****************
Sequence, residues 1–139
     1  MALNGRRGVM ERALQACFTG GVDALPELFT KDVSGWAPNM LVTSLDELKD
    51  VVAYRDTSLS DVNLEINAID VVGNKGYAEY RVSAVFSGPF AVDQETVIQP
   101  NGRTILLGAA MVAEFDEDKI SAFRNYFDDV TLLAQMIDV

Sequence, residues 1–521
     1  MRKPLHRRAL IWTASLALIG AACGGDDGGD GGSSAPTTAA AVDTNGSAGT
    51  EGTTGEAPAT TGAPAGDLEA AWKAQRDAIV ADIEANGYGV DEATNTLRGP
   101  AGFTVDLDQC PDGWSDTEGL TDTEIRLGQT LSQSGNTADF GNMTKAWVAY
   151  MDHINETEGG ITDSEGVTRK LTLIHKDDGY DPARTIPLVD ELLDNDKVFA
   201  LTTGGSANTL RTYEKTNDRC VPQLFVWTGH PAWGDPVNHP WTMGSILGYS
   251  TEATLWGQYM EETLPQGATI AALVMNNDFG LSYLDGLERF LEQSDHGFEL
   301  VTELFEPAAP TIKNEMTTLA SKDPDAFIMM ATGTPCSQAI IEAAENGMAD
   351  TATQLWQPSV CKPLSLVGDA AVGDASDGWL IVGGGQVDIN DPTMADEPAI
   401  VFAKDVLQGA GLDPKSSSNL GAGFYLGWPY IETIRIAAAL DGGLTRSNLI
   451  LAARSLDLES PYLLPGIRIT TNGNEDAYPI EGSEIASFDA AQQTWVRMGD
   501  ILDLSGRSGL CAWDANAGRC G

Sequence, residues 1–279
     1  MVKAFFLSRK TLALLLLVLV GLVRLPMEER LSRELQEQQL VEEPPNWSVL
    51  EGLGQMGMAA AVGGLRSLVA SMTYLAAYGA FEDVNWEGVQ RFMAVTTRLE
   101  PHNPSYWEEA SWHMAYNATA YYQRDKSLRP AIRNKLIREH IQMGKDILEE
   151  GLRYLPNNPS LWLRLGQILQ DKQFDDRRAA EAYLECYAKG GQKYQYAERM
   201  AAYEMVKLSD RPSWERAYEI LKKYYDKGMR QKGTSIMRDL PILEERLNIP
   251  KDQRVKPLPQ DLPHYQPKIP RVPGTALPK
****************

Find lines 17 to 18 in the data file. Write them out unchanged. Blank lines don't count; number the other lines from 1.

Sequence, residues 1–279
     1  MVKAFFLSRK TLALLLLVLV GLVRLPMEER LSRELQEQQL VEEPPNWSVL